When you are given free time, or even 20 minutes before falling asleep, try and read. It will help you out a lot in the long run with your reading comprehension and writing skills. 

- Montana, English Teacher, Kingston, Ontario

We hope these 5 reading tips are helpful whether you have a teenager or a younger child looking to get a head start. If you are looking to find engaging reading options for readers of all ages, we recommend your check out our blog post on the Forest of Reading recreational reading program. There is also an interesting Scholastic article on reading materials that aren’t books!

Writing Tips from our In-person and Online High School English Tutors

Writing skills are fundamental to success, not only in English, but in all subject areas. For example, strong and clear writing skills are needed to compose lab reports in science class. With all this in mind, these 5 tips have been prepared by Teachers on Call’s online and in-person writing tutors.

Tip 6: Go through the entire writing process.

To improve in writing, students are encouraged to go through the writing process: brainstorming, drafting, editing, and revising. Patience is key. Students who spend time developing a writing piece tend to produce the strongest papers. 

- David, High School English & Social Science Teacher, Lawrence Park, Toronto, Ontario

Tip 7: Create statements that interest you.

To be successful when writing a thesis statement, make sure that you are creating a statement that interests you. Having a natural interest in the argument you have developed will make the writing process come from a place of excitement.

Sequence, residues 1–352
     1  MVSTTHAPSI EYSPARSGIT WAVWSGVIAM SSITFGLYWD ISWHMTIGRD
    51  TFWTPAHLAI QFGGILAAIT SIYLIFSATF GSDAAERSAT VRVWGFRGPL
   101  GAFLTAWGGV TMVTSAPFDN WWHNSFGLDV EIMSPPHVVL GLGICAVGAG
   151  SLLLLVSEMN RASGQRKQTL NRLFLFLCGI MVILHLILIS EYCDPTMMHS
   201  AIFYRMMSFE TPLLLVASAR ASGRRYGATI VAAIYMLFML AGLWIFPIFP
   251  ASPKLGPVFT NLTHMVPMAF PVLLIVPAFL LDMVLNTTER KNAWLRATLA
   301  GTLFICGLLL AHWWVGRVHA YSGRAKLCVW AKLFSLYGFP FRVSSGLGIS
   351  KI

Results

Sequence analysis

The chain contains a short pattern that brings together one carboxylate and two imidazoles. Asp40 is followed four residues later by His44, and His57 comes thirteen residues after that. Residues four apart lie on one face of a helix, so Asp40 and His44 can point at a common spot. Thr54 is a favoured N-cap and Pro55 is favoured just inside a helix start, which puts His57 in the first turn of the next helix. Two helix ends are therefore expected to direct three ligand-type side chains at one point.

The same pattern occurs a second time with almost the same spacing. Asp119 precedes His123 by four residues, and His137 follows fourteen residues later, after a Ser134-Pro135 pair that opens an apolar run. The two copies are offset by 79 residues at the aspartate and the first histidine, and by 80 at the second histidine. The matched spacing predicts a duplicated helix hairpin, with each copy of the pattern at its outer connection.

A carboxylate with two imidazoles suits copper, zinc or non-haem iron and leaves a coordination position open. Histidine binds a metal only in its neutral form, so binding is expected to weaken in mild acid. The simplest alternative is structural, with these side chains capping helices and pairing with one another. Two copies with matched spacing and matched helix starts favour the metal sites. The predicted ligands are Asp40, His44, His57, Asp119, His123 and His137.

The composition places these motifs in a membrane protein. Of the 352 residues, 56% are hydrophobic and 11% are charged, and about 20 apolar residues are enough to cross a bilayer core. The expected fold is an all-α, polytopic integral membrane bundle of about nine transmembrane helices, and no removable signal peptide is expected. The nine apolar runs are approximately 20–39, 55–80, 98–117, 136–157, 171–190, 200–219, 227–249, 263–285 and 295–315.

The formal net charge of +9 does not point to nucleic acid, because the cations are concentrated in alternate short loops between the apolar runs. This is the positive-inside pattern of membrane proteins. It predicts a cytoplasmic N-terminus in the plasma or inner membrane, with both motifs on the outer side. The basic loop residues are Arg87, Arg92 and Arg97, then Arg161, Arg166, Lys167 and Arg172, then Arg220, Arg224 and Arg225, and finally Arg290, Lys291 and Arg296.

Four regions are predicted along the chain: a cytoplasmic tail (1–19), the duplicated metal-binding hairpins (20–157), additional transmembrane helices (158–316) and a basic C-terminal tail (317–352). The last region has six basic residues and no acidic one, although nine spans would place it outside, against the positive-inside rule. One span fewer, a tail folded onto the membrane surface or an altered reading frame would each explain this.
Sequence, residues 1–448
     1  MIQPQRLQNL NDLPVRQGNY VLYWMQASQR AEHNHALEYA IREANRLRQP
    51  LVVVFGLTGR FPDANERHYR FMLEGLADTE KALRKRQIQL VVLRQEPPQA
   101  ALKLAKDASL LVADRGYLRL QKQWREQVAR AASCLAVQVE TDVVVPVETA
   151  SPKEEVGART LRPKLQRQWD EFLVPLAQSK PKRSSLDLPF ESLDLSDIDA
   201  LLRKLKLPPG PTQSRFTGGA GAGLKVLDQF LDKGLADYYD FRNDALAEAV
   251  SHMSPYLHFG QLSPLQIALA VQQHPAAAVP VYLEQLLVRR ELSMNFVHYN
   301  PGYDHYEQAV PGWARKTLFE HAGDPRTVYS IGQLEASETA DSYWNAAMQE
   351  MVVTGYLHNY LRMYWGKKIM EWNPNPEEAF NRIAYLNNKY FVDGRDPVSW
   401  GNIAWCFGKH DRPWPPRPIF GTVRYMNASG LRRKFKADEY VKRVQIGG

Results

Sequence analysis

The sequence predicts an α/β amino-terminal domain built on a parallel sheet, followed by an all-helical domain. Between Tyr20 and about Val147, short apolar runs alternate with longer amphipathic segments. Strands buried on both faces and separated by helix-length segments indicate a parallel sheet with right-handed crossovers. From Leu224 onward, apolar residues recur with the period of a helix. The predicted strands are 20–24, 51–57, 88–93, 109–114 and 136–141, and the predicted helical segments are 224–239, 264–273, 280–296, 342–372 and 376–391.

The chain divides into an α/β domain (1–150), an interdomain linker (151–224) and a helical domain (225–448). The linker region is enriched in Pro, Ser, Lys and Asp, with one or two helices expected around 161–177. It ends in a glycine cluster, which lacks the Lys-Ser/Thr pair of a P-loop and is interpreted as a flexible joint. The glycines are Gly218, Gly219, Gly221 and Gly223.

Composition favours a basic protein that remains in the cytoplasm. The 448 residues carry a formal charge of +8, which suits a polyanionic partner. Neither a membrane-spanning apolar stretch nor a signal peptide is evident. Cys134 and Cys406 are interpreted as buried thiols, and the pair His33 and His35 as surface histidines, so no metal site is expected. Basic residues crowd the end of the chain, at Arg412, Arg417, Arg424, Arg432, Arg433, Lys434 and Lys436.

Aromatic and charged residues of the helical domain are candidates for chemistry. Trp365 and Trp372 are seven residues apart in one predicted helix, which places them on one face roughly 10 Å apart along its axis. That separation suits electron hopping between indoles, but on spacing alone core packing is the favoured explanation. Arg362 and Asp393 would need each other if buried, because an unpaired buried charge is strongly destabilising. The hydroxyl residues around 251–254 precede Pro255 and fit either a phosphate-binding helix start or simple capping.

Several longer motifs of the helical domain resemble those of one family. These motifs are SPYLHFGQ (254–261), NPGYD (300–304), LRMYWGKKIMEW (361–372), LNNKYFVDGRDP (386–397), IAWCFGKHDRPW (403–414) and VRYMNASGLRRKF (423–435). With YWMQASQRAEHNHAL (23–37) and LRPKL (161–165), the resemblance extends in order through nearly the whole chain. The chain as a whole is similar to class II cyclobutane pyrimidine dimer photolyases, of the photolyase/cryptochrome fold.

- Stephanie, High School English & History Teacher, Ajax- Pickering, Ontario

Tip 8: Make an essay outline in advance.

Never underestimate the power of creating an outline for your essay before writing. Planning is the hardest part, but doing it up front makes the actual writing process smoother. Structuring your writing is the best way to ensure that your great ideas and arguments stand out.  

- Stephanie, English & History Teacher, Ajax-Pickering, Ontario

Tip 9: Use proofreading and editing tools.

Use grammar-checking tools like Grammarly to improve your writing skills. These tools provide real-time feedback on grammar, spelling, and style, helping you enhance your written communication. Don't just click yes to all the suggestions; take the time to review and understand WHY this change is being suggested. Sometimes technology isn't always right. For example, Canadian versus American spelling. Being aware of these differences, as well as why they have suggested the change, will help improve your grammar for the future, as well as for final evaluations, exams, and in class assignments that don't utilize (or limit your ability) to use technology. 

- Lynne, High School English and Geography Teacher, Ottawa, Ontario

Tip 10: Writing an essay is following a recipe.

The recipe rarely changes. Once you get good at the recipe you can play around with it, but you must get good at the basic recipe first. 

- Jennifer, High School English and Indigenous Education Teacher, Kingsway, Toronto, Ontario

You can never go wrong by looking forward.  For further enrichment and suggestions on this topic, here are recommendations from Harvard’s Writing Center: A Brief Guide to Writing the English Paper.  We hope these tips from our online and in-person English tutors are helpful to your teenager!

In our next blog on English tips, we will cover note taking, study skills and exam preparation suggestions.  Look out for it in the coming weeks! In the interim, if you are interested in learning more about how Teachers on Call’s online and in-person tutoring service can help your student, feel free to reach out to our team.